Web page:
How in gazooks can anybody wipe their behind with 5 squares (even folded over)? What do you do, hold it with your index and thumb and hope that you don’t get any feces on your other 3 fingers? My gosh, when I have a messy BM, I swear I can use a third of a roll, no problem at all. And that is a generous amount of TP per wipe – often I will have to wipe up to 4 times.

    Come on, I mean, feel free to economize on how many kleenex tissues you use when you blow your nose, but how much TP you use when you wipe your behind? The message should be “more is more”!

    (My wife and I have a rule: I always put the roll on so that the loose end comes over the top (not down the back), and she doesn’t critize how fast I go through TP! She grew up with a septic system and wasn’t even allowed to put TP down the toilet! It all went in the WASTE BASKET!! How disgusting is that?!!)

  9. Stu Mark says

    First, hey Asha, you got Boinged!

    Second, I would think that there are other ways to save money, rather than reducing the number of toilet paper squares. What does a sheet cost these days, a nickel? Maybe six or seven cents? Couldn’t you spend an extra ten minutes clipping coupons to make up the difference? I’m not coprophobic, but I like to feel comfortable when I’m in the nether region.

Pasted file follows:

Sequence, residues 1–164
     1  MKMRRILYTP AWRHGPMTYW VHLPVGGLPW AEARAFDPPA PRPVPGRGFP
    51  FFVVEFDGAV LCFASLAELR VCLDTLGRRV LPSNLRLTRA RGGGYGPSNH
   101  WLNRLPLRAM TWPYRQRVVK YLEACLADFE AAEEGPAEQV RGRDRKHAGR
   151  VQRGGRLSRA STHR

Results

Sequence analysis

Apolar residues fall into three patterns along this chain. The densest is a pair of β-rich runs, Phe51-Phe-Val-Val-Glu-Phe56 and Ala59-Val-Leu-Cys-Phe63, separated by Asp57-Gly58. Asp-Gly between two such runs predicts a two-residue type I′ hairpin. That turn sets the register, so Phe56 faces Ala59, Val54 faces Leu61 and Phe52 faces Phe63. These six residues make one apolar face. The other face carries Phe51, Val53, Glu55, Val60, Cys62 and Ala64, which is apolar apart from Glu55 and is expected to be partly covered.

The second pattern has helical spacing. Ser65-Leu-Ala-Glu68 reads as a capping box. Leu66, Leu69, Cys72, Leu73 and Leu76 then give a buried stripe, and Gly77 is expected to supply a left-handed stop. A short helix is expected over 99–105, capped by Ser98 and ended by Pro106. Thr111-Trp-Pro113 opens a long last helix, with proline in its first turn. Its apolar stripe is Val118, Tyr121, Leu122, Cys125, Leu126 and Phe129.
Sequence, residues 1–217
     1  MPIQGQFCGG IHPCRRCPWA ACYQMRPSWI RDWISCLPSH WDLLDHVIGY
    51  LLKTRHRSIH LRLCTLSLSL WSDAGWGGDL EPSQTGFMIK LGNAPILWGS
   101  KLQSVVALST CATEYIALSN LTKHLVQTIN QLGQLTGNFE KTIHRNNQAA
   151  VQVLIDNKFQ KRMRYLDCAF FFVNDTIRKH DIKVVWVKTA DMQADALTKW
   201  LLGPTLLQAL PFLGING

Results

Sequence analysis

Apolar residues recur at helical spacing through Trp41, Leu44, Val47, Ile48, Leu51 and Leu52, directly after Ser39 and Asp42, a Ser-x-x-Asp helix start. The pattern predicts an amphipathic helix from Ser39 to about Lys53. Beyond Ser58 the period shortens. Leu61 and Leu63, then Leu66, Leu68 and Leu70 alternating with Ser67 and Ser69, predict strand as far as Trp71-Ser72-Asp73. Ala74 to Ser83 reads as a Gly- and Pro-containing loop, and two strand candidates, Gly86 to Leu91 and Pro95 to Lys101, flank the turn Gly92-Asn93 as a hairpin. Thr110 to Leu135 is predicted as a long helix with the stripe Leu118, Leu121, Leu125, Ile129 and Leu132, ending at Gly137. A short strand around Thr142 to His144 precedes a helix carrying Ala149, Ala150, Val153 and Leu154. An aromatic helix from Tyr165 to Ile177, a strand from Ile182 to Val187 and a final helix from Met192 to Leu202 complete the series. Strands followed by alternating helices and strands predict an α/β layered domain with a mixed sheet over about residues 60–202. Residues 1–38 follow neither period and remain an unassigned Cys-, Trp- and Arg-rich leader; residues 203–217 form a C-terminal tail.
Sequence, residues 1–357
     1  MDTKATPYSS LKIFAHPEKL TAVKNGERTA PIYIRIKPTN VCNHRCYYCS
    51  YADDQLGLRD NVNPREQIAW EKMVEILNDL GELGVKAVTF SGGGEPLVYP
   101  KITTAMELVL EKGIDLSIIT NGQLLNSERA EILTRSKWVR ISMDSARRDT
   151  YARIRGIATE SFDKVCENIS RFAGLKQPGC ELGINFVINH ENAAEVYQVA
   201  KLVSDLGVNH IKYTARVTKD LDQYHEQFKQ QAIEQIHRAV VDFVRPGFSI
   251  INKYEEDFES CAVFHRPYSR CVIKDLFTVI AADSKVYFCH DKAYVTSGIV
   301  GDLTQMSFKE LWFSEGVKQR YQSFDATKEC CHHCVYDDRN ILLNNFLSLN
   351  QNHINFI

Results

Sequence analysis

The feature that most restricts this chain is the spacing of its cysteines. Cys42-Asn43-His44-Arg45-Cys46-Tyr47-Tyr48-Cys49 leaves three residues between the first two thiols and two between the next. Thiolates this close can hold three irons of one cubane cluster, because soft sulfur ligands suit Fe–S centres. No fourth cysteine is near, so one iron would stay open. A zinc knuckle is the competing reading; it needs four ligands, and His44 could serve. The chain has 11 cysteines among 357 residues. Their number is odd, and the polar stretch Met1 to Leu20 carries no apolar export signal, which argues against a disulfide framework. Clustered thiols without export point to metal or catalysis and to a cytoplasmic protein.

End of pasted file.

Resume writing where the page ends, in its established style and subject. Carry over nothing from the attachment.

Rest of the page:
Also, I buy the kind with aloe. If you’re sweet to your bottom, your bottom will whistle a happy tune.

  10. 0% recycled paper says

    it’s good top teach kids wasteful consumption practices while toilet training

  11. Jill says

    My husband (oh, the wonderful man!) is teaching my son that after he pees standing up, the next step is to take two or three squares of paper and wipe off the toilet. I can’t say the potty is sterile (he’s 4yo with variable aim) but it helps. Plus, I think of the women who he’ll please in his life! I say, use whatever paper it takes to keep you and the bathroom clean!

  12. Parent Hacks Editor says

    I feel I must chime in, as there are simply too many gems in this thread to let pass. (Note subtle elimination pun.)

    First, Stu, when my bottom whistles a happy tune, I generally try to hide the fact.